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date: 22 September 2020

Abstract and Keywords

Research on language change has revealed a number of systematic clines along which changes seem to progress. Monolingual, native dialects of English generally involve established norms of use, and so change often takes the form of gradual, incremental shifts along such clines. By contrast, New Englishes (varieties of English spoken in regions where English is neither indigenous nor predominantly native for its speakers) often have fewer established norms, and so change can take place more radically and rapidly. Influenced by the grammars of their native languages as well as by universal cognitive principles, second language (L2) speakers receiving limited native English input may generate similar reanalyses or regularizations. This article assesses the behavior and claimed universality of structural continua and cycles in English within bilingual, postcolonial settings. The discussion examines universal markedness gradients in phonetics, syntax, and semantics, as well as grammaticalization clines.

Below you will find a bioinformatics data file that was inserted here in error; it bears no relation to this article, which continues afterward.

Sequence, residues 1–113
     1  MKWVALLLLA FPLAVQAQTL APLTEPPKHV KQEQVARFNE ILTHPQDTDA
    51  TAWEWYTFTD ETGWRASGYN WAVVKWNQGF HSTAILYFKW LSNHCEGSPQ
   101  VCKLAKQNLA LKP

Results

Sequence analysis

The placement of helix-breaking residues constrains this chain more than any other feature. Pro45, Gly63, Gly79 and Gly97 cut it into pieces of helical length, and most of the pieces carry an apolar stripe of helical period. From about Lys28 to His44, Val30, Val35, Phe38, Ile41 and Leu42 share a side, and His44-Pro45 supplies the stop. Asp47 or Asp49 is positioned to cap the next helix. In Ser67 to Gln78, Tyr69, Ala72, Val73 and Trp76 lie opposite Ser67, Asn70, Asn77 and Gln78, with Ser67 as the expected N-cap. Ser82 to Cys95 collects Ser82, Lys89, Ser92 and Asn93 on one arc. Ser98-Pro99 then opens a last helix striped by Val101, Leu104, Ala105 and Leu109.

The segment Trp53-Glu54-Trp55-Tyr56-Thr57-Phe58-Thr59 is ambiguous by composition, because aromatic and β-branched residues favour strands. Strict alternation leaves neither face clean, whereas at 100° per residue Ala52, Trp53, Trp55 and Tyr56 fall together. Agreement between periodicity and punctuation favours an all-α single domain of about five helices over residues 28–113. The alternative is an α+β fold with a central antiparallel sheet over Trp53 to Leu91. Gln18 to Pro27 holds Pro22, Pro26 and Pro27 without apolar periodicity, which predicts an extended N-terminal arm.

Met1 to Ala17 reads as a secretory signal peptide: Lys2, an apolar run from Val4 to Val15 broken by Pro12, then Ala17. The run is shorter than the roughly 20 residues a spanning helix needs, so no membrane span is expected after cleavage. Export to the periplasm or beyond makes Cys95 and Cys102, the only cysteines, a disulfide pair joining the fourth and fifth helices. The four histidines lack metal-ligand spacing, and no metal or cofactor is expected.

Keywords: continua, clines, English, New Englishes, grammaticalization, language change, dialects, cycles, markedness, linguistics

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